The Heber Envision Process is nearing its end. After some public meetings, and online outreach the big survey for the project closes on July 15th. From there the survey input will be used to complete a draft vision for presentation at a meeting in August.
Envision Heber 2050 asks that before residents take the 30-question survey, they watch a 30-minute presentation which outlines four different proposed scenarios developed from previous public workshops. Scenario A being the status quo with suburban sprawl likely to continue. Scenario B focusing growth mostly along US 40. Scenario C creating town center clusters and Scenario D making those same clusters even denser providing for even more open space. Project consultant and survey author Christie Oostema says that Scenarios C and D have been the most popular responses so far.
“We’re asking a lot of questions about the different scenarios that are on the table,” Oostema explained. “What do people like or dislike about pieces, parts of the scenarios? So, that the vision can pull the best elements from the scenarios into one single picture of the future.”
Oostema says that many residents are in favor of preserving open space, even with the knowledge that many of the open fields in and surrounding Heber City are private property.
“That means likely a bond or other public tax dollars or funding that comes into play,” Oostema continued. “Even thinking about that, people are still tending towards scenarios that do protect and preserve open space to the extent possible.”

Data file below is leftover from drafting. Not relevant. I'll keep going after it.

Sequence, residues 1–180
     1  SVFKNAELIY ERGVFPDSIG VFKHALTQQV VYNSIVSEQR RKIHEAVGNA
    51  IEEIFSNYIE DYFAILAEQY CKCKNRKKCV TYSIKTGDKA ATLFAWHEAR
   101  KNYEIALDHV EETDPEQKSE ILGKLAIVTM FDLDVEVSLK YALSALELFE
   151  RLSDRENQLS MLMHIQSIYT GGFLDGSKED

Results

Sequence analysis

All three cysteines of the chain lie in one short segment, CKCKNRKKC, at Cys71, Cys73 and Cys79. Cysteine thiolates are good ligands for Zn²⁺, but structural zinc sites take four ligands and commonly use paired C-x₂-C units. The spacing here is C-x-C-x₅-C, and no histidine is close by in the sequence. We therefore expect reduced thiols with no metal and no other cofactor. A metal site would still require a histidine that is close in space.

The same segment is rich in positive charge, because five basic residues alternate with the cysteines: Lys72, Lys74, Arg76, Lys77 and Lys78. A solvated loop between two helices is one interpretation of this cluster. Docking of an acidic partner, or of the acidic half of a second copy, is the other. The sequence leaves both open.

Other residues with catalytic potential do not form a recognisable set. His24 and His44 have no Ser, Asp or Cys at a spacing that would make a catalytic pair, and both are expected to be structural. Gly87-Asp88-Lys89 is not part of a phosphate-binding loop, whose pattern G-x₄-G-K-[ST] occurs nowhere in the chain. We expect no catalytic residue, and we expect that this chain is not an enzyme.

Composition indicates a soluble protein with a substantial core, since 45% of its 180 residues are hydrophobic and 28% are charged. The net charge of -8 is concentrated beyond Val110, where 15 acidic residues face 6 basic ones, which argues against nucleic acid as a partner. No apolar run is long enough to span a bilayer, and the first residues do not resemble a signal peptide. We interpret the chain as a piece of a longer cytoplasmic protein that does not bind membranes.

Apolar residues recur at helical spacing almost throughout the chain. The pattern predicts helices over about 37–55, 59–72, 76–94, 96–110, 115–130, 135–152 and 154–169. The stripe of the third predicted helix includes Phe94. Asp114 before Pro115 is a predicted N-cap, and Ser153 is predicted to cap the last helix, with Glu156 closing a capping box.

The clustered development could mean taller buildings in more compact spaces. Oostema says the opinion on that aspect is mixed.
“My sense is that there some acceptance of buildings that are in scale to the existing Main Street which includes buildings ranging from one to four or five stories,” Oostema said. “I think of the new hotel development for instance on the South end. I think that that’s definitely an issue that we need to think through more. More housing option, some more compact, providing more affordability, and taking less land.”
Another item impacting the general plan update is the recent application for annexation from the Sorenson property. The already entitled development would bring in over 8,000 acres and eventually develop over 5,700 units. The city argues that the process of updating the general plan and annexing the Sorenson property complement each other.
Oostema says they’ve been working to reach a large cross section of Heber’s residents
“We’ve received over 400 surveys over the course of the process,” Oostema explained. “We’ve had about 500 people or so involved at various events. So, we’re getting a good segment of the population involved. Then there’s a lot of people that are staying tuned on social media.”
Although the survey is unavailable in Spanish the Envision Heber 2050 steering committee has some members who speak the language and are reaching out to the Spanish speaking community.
“For example, at the July 4th city event last week there was a steering committee member there who was reaching out very actively to that population,” Oostema continued. “That’s a significant percentage of Heber City’s overall population and we want to make sure they have a voice. We want to learn from Spanish speakers what they’re thinking. Also hope they have the opportunity through conversation to learn about the process.”
Oostema says they’ll take survey results to draft a vision for Heber. That will be presented at a public meeting at the end of August.
“From there we’ll dive right into the general plan where we explore issues in more detail,” Oostema said. “The vision is the foundation for the general plan update process. Then we’ll move into code update and that really changes how Heber City will grow and develop over time.”
You can find a link to the survey here.